Moby-Duck: The True Story of 28,800 Bath Toys Lost at Sea and of the Beachcombers, Oceanographers, Environmentalists, and Fools, Including the Author, Who Went in Search of Them
When the writer Donovan Hohn heard of the mysterious loss of thousands of bath toys at sea, he figured he would interview a few oceanographers, talk to a few beachcombers, and read up on Arctic science ...more
Donovan Hohn begins his tale with an accident at sea. A container ship, in the face of fifty-foot waves, rolls sufficiently to dump more than a few containers, those box-car sized giant legos that we use to transport stuff from here to there. One such dumpee held a large quantity of plastic bath toys. Included were beavers, frogs, turtles and the most-familiar, ducks. Not rubber, mind you, but plastic. His aim is to find as many places ...more
Instead he threw together a horribly disjointed rant with a few funny comments here and there. Half the time he's just describing and telling the reader how he feels. The rest of the time he briefly comments on a certain topic before randomly changing ...more
Just when you think there is nothing new under the sun, along comes something totally fucking insanely surprising.
Here is a totally true story, which I am not just making up so that I will win the First Reads giveaway for this book (but please can I have this book, Goodreads Gods??): Donovan Hohn, ...more
Moby-Duck: The True Story of 28,800 Bath Toys Lost at Sea and of the Beachcombers, Oceanographers, Environmentalists, and Fools, Including the Author, Who Went in Search of Them by Donovan Hohn proved to be a disappointing book. I had high hopes for the book as it received quite a few positive reviews both on Goodreads and in the book press in general. Unfortunately I could not get past the self-revelatory clap trap that the author seemed hell bent on sharing whether it was relevant or not. I...more
That story turns out to have been false, part of the growing myth surrounding the Friendly Floatees. Much like the white whale, a figment of the collective imagination.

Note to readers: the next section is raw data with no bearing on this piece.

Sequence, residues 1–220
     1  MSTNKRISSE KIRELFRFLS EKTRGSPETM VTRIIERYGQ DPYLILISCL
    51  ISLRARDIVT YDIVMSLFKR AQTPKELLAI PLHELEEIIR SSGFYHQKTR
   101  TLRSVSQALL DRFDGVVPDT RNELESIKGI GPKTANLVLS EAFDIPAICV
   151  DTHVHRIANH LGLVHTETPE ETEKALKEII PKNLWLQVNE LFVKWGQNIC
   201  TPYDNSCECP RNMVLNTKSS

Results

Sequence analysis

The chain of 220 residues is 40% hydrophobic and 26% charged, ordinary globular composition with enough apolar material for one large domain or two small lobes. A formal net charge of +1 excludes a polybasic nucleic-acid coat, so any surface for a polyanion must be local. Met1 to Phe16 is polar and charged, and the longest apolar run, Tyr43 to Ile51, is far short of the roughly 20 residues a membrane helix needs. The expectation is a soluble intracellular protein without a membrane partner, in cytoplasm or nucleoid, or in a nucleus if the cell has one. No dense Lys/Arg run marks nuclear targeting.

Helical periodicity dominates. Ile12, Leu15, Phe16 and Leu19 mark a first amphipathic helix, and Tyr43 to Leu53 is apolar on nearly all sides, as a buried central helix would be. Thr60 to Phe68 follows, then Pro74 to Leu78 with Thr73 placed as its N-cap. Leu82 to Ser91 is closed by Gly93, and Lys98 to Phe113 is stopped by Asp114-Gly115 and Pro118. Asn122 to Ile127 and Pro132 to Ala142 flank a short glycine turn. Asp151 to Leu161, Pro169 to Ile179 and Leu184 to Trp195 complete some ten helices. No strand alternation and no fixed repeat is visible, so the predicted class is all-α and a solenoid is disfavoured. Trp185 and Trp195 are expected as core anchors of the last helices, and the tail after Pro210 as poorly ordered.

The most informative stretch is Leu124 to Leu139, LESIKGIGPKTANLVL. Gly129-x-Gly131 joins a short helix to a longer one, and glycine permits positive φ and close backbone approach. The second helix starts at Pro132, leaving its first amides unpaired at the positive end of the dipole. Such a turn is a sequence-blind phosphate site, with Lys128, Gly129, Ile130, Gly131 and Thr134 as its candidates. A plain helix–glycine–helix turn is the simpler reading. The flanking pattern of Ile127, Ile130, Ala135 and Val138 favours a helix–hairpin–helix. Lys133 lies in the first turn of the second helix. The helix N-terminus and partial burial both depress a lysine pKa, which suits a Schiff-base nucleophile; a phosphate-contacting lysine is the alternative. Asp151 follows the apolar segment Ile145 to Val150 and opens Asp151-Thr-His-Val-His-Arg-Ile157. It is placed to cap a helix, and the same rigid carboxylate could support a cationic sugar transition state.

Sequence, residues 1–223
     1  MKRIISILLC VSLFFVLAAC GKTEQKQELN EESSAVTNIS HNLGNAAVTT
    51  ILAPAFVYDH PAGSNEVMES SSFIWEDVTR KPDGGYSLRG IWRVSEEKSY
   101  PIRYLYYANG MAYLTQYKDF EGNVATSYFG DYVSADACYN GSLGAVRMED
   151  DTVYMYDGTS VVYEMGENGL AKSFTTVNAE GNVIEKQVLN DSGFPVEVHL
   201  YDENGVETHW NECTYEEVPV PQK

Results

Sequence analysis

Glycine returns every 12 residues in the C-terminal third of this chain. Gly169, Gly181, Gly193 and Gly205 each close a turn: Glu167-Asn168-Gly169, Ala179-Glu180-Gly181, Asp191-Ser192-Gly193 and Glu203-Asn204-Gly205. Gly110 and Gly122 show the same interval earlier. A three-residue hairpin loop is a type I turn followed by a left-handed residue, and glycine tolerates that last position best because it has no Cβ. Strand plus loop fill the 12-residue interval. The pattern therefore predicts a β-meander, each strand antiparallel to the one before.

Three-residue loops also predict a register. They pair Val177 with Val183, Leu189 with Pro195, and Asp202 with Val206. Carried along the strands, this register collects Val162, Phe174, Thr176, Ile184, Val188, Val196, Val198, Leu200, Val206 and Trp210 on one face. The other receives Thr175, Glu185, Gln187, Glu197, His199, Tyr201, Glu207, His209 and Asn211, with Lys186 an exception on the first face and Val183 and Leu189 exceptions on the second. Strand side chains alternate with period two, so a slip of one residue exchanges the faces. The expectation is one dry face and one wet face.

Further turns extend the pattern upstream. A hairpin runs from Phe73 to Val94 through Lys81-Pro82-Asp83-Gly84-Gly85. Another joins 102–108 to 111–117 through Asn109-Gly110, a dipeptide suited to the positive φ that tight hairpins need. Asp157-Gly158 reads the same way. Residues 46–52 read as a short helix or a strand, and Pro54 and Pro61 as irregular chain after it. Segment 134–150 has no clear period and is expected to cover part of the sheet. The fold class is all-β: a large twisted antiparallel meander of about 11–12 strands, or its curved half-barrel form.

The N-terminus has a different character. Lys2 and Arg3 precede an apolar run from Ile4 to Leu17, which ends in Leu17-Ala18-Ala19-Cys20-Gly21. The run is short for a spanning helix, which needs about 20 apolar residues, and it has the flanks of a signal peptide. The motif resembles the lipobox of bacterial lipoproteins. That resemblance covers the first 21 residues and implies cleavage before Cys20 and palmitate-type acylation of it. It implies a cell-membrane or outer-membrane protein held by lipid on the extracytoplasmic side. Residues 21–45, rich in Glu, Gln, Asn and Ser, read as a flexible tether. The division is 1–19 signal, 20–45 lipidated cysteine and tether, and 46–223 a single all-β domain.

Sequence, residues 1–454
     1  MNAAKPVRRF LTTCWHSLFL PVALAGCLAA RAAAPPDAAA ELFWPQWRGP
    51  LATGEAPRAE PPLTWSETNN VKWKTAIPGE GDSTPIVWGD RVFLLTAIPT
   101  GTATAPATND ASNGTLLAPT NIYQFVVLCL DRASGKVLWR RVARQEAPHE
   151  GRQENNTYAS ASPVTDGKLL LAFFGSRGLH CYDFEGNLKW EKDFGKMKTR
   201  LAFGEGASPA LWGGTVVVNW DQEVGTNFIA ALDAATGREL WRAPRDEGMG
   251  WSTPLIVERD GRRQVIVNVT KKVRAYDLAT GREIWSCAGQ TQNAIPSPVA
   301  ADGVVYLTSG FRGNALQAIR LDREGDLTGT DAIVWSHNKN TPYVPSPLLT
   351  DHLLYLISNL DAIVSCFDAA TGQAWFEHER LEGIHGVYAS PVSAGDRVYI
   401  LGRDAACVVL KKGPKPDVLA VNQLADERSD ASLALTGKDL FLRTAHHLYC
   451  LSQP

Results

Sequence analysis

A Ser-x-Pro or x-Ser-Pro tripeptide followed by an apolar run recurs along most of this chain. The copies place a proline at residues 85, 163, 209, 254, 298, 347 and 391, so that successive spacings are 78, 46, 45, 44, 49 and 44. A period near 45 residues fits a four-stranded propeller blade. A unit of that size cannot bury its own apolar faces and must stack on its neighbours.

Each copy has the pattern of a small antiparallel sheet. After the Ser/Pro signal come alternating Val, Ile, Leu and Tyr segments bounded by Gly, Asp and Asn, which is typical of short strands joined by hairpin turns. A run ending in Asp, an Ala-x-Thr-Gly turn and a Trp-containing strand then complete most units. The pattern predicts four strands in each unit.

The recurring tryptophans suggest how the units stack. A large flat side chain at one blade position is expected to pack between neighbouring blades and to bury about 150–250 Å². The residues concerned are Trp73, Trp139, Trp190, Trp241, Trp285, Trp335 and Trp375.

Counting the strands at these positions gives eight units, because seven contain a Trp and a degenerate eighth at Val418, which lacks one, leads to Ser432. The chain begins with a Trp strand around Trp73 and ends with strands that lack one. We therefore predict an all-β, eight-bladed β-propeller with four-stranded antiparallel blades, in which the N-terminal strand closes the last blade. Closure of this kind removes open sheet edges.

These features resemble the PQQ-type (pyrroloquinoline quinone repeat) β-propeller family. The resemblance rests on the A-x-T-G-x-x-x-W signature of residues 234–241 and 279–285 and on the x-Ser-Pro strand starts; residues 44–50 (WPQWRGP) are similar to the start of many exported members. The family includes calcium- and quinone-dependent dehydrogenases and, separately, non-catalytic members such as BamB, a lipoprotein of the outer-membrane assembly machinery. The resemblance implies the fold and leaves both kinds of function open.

This book tells the story, as best can be ...more
I didn't always enjoy the 305,017 other details the author felt the need to research and share (and I ...more
It was way too detailed when it came to names, dates and somewhat irrelevant connections between people. He jumps about in the timeline in a very confusing way sometimes and when giving examples ...more
I kept expecting to learn something, but gave up. This book was obviously sold on concept and the real concept was to give the author the chance to take adventure vacations paid for by grants and an advance.
The author, who is obviously one of the privileged (no one else can afford to teach at the kind of NYC private school he taught at) pretends to be poor, which is offensive, and his reporting on other people is permeated with conceit he seems unaware of. He lost me completely ...more
He talks about feeling trapped and that his life is no longer his own after seeing his child's ultrasound. He then proceeds to take off on a bit of a fool's errand just before his wife's due, and from what I ...more
But also, much of the praise for this book is valid too. Something about it compels you to stick with it, mirroring many readers' ...more
Some parts are a little drawn out though. The book has a lot of pages, but some chapters are too abstract and don't add anything to the message in my opinion.
Here were my main problems with it:
1. It's too fragmented. Each adventure makes sense on their own, but there's little effort to connect them into a cohesive ...more
That's my ...more